NewlyNested: Love and Marriage (and Russian Food)
a blogumn by Debra Goykhman
This weekend an old friend of mine from college came to visit. She was a Russian major and spent a year over in Russia. After her time spent in Eastern Europe, I have only seen her get excited about food from the other side of the world. Since I married someone of Ukrainian descent I decided to take this opportunity to embrace my husband’s culture and make a real Ruski dinner.
Cooking my husband’s favorite food has been something that has been requested of me since we first met a few years ago. The first dish he wanted was chicken kotlety, a freshly ground chicken patty, much like an American meatloaf rolled in bread crumbs and fried. When I found out the first step of cooking the dish was grinding chicken breasts myself, I instantly told my husband, “I’m never doing that, you’ll have to visit your mom for that meal.” A year later I bought a meat grinder attachment for my KitchenAid, and a year after that I did make the kotlety. It was easy and I am told it was delicious.
My embrace of a Russian dinner party led to one of my favorite cooking discoveries, curring my own salmon. I have tried that one before this meal, but didn’t think the taste was nearly as good as the Costco lox. Before I curried wild sockeye salmon with just salt and sugar, but this time I added lemon zest, dill and parsley. I have never had better lox in my life.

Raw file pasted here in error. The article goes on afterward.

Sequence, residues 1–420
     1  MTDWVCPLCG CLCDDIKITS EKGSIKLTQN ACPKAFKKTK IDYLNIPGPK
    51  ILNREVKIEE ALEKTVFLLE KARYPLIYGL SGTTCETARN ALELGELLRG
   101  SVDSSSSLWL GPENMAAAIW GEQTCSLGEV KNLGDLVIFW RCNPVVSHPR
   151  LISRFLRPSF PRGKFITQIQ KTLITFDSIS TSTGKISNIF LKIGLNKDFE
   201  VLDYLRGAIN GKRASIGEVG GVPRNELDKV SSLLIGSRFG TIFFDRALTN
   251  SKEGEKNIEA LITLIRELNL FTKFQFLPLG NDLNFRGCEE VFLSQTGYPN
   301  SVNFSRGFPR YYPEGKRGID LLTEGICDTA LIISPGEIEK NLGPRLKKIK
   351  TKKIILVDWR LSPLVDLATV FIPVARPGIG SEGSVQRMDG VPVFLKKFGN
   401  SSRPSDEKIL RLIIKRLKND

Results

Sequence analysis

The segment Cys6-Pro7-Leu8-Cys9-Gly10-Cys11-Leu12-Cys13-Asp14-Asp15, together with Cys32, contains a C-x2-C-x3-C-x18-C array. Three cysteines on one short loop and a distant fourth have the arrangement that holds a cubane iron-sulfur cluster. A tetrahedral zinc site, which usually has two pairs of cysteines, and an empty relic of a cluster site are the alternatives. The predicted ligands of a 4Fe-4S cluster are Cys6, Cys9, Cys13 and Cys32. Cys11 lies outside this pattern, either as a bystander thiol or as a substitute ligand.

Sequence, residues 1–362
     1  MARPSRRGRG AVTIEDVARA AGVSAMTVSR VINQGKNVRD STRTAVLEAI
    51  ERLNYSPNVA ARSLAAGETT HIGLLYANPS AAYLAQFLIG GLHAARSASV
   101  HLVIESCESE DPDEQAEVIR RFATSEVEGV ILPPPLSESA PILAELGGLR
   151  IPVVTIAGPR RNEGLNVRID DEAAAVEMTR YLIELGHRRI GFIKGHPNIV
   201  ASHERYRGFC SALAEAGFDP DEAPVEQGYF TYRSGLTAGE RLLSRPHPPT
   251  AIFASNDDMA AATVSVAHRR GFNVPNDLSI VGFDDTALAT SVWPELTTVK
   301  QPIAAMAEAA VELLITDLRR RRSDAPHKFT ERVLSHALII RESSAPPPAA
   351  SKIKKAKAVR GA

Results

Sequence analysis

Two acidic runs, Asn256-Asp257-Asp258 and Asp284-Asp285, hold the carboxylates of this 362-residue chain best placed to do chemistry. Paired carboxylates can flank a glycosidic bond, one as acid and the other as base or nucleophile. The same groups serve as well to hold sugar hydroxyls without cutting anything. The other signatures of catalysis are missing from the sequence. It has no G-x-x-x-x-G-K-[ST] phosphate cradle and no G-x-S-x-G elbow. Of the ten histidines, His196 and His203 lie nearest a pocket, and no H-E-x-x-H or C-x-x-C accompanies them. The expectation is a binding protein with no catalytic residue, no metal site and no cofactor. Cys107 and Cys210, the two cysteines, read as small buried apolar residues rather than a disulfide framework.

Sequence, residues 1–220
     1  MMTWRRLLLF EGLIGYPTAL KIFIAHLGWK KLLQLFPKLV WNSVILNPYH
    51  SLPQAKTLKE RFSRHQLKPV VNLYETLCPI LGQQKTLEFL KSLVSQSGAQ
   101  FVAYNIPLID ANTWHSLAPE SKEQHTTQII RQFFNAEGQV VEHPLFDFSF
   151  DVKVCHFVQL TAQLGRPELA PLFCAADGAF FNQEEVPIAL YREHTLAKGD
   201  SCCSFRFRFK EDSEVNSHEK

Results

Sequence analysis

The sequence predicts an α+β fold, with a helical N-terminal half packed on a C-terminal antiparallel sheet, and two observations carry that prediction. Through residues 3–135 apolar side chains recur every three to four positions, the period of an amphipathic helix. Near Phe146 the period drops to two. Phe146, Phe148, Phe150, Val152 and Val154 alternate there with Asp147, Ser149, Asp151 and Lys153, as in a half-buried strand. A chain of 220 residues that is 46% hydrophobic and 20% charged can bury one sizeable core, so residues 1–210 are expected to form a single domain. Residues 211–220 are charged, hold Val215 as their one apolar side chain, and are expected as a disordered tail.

Of course there was a lot more to the meal—borscht, salad course, caviar, Russian bread, and a little American red velvet cake to represent me. The night was a pleasure with plenty of courses and lots of wine and vodka to go around, but my friend also introduced me to some lovely culture. She explained to me how hospitable she’d found the people that she stayed with in Eastern Europe to be. She felt they gave their all to their guests even when they couldn’t afford it. She also shared that it was customary to toast the host and so all night long I was very humbled by all the wonderful things my friends said about me with raised glasses.
I never thought much about the days of when I would be married. I just always knew that one day I would be married. One thing I didn’t think about was marrying into a culture that is not my own. This last week I had fun dipping into a world that I am still learning a great deal about. Next on my list is to start Russian lessons through Rosetta Stone. What kind of culture are you learning through your marriage? Or through your relationship with someone important in your life?